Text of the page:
Android Police

Audio Reviews

12

JBL Link Drive review: Google Assistant in your car still has rough edges

Google Assistant is everywhere these days: phones, tablets, speakers, Chromebooks, and more. The first Assistant devices for cars were unveiled earlier this year, and the first model from Anker launched in April. The other device, JBL's Link Drive, was announced at CES and seemed like it wasn't going to come out. Of course, JBL is no stranger to delays, and the Link Drive just became available recently. So, how is the JBL Link Drive? It's an almost identical experience to the Anker Roav Bolt, but with more hardware disadvantages and a higher price.

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22

Plantronics BackBeat 3200 review: Stable sports buds that hit all the right notes but one

While true wireless buds are easy to find in all shapes and prices these days, those that are made for exercising and built for stability aren't that many. Plantronics already dabbled in this segment last year with the BackBeat Fit 3100, which were good until you stepped into the wide open outdoors. Connectivity dropped between the two buds, making them nearly unusable in the environment they were built for.

Plantronics came back this year with a fix to this problem. The new Fit 3150 and 3200 use Bluetooth 5.0, offer a more stable connection, and don't have any issue outdoor.

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36

Razer Hammerhead True Wireless review: AirPods-style earbuds without a killer feature

I don't think it's a stretch to say the market for truly wireless earbuds is absolutely saturated at this point. Even beyond all the usual players - Apple, Anker, Plantronics, Jaybird, Sony, and others - there are thousands of white-label models from countless companies. Despite this, rubber-tipped earbuds still vastly outnumber Apple-style plastic-tipped buds.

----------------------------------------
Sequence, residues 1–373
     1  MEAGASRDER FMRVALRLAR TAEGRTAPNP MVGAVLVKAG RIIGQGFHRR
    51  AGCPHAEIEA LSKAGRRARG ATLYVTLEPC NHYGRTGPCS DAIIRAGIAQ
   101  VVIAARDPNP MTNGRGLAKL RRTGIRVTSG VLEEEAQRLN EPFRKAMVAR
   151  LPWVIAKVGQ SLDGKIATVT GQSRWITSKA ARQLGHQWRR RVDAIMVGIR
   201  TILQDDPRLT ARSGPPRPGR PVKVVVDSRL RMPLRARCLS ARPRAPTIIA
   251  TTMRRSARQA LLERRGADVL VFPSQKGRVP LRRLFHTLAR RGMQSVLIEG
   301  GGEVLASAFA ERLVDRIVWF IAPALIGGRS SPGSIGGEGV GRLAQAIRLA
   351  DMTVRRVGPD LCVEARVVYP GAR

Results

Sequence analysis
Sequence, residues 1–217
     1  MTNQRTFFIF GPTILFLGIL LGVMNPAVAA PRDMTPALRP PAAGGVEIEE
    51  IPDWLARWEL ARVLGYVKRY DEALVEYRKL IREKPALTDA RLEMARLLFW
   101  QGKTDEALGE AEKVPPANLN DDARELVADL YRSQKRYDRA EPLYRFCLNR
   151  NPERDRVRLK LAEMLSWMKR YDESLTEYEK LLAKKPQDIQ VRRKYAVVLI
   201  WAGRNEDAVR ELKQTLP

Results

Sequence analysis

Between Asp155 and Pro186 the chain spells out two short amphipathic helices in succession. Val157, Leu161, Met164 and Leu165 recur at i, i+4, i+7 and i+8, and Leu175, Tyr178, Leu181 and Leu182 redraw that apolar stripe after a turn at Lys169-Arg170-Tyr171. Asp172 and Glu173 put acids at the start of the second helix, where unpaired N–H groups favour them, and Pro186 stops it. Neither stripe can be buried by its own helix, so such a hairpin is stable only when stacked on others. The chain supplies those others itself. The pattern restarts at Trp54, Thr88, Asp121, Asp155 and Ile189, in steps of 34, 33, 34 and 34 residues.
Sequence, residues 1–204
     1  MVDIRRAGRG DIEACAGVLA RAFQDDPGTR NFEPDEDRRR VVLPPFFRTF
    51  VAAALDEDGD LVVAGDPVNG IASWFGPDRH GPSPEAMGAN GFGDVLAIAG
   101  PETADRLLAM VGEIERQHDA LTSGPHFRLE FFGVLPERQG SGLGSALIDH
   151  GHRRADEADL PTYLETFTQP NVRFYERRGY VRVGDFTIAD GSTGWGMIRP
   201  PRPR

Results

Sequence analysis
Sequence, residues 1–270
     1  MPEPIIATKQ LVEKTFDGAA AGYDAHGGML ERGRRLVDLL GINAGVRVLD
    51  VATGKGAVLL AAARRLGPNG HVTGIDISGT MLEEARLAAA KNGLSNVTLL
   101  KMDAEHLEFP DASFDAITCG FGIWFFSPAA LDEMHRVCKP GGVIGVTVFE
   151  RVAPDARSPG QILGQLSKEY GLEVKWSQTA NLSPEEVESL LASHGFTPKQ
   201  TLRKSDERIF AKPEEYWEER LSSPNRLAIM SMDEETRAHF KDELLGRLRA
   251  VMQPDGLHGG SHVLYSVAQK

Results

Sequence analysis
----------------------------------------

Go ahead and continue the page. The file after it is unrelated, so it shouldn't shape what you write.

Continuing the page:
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40

Anker Soundcore Liberty 2 Pro and Air 2 review: USB-C, Qi, affordability, and all that jazz

There is no shortage of true wireless earbuds nowadays. Although new, this product category has taken the audio world by storm and appealed to most users thanks to a combination of convenience, portability, and longer listening time between charges. The first generation of products was expensive and riddled with issues, but with time, we're seeing more and more good affordable options, like Anker's Soundcore portfolio.

The company first dipped its toes in this market less than two years ago with the Zolo Liberty and Liberty+, but has since done what it's wont to do by releasing model after model across many price points and form factors.

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5

Libratone Track Air+ review: Solid sound and active noise-cancellation at a decent price

Until Sony's excellent WF-1000XM3 launched earlier this year, there was no viable true wireless earbud option with active noise cancellation. This is partly because in-ear audio products already isolate far better than on or over-ear headphones, negating the need for ANC, and partly because it's difficult to squeeze the necessary tech into such a small form factor.